So a war between these two allegiances has always existed. But it was during the past half millennium that the philosophical and ideological basis for this rejection of Christianity was carefully spelled out. Wiker closely examines the political thought of Machiavelli, Hobbes, Spinoza, Rousseau, Locke and others in this regard.

All these thinkers, in various ways, saw Christianity as a threat to the political order, and believed that the state could not allow it to have free rein. It must be co-opted if not destroyed, if the liberal vision is to be realised and established. Their thoughts, especially as propagated in the universities, eventually held sway, and today we see secular liberalism as the de facto state religion in the West.

Although pretending neutrality, the modern secular liberal ideology is “itself a religion, or an anti-religion – a complete worldview and an agenda in direct and fierce competition with Christianity. The domain covered by secular liberalism is as extensive as that of any religion and in particular of Christianity, the religion that it has displaced.”

It has its own cosmology (there is no god or spiritual reality, only deterministic materialism and physical cause and effect), and its own moral philosophy (there is no universal good and evil, with the maximisation of human pleasure and “rights” the chief end of man), and so on.

These two worldviews are at total odds with each other: “Secular liberalism defines itself against Christianity, self-consciously and dogmatically denying what Christianity affirms”. Wiker nicely lays out a series of contrasting values, goals and emphases:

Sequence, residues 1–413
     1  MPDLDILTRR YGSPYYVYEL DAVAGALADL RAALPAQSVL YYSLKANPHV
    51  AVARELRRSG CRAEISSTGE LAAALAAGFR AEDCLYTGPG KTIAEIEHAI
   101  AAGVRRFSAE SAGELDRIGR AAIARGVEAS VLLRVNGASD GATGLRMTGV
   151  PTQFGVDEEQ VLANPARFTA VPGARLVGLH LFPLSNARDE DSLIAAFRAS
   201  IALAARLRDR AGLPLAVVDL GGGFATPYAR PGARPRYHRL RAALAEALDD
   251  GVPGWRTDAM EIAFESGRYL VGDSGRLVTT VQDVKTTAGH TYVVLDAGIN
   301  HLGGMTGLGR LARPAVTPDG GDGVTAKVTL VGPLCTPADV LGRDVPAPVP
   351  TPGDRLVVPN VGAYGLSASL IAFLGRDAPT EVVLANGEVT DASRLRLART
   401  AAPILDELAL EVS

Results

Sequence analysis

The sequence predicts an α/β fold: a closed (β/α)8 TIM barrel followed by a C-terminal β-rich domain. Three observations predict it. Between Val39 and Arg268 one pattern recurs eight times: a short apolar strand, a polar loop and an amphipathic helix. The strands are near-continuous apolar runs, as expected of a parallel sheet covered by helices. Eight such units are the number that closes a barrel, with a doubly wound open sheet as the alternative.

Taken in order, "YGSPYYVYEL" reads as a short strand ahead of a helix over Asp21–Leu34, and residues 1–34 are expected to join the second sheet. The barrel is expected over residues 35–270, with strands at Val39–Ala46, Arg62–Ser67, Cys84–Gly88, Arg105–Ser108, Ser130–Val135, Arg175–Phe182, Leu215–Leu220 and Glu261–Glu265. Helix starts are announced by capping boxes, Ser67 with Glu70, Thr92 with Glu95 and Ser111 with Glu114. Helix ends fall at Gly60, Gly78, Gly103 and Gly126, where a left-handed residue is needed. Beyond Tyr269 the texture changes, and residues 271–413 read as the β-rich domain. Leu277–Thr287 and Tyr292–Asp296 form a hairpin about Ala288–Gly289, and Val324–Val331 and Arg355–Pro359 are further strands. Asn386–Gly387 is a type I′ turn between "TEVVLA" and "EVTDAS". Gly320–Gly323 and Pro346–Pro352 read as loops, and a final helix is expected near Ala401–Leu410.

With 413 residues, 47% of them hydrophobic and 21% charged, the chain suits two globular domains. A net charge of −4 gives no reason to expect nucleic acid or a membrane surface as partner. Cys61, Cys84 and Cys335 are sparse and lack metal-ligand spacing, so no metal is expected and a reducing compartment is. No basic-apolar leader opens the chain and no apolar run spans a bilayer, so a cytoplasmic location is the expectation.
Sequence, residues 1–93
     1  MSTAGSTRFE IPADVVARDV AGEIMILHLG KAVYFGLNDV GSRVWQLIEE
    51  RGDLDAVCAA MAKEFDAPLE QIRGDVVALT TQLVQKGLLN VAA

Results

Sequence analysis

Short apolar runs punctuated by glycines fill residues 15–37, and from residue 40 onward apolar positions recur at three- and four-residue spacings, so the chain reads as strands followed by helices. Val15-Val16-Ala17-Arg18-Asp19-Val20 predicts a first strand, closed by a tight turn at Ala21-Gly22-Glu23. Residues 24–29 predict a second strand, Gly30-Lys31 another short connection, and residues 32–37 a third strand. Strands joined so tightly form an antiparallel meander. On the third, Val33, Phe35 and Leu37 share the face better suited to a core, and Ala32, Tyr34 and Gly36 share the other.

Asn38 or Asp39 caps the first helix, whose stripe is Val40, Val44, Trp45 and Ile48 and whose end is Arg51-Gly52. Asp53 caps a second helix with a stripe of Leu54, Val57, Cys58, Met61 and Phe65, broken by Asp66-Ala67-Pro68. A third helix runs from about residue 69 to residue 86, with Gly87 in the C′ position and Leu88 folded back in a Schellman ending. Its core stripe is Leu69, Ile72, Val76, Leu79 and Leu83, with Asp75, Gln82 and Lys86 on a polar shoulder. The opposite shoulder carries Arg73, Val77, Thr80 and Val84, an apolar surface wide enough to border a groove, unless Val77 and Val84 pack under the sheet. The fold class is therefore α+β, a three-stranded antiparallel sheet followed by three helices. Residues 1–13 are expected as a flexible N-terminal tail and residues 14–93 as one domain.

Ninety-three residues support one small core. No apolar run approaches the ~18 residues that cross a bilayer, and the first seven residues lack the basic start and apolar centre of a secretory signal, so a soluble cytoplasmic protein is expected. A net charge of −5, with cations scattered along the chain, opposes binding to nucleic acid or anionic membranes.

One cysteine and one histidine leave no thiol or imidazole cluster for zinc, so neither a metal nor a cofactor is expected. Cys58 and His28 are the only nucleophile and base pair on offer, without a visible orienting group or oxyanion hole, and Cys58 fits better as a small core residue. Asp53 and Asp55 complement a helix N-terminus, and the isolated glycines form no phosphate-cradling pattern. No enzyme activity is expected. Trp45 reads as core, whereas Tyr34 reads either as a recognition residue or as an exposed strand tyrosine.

Christians believe that God exists, the universe has meaning, and we have purpose and significance because of God’s existence. Liberals believe there is no God, the universe is ultimately meaningless, and there is nothing special about humanity.

Christians believe people are fallen and need God’s grace to be made right, while liberals deny the fallenness of humanity, and think we are perfectible by our own efforts. Because of this, Christians believe all political and social life is tainted, and we cannot place our final hope in the state or this world. Liberals see the state as saviour, and believe that human reason and political power can usher in an earthly paradise.

Christians see church and state as complementary institutions, each with their own jurisdiction and power. Liberals want to see the church totally subservient to the dictates of the state, with it alone being the sole source of authority and power.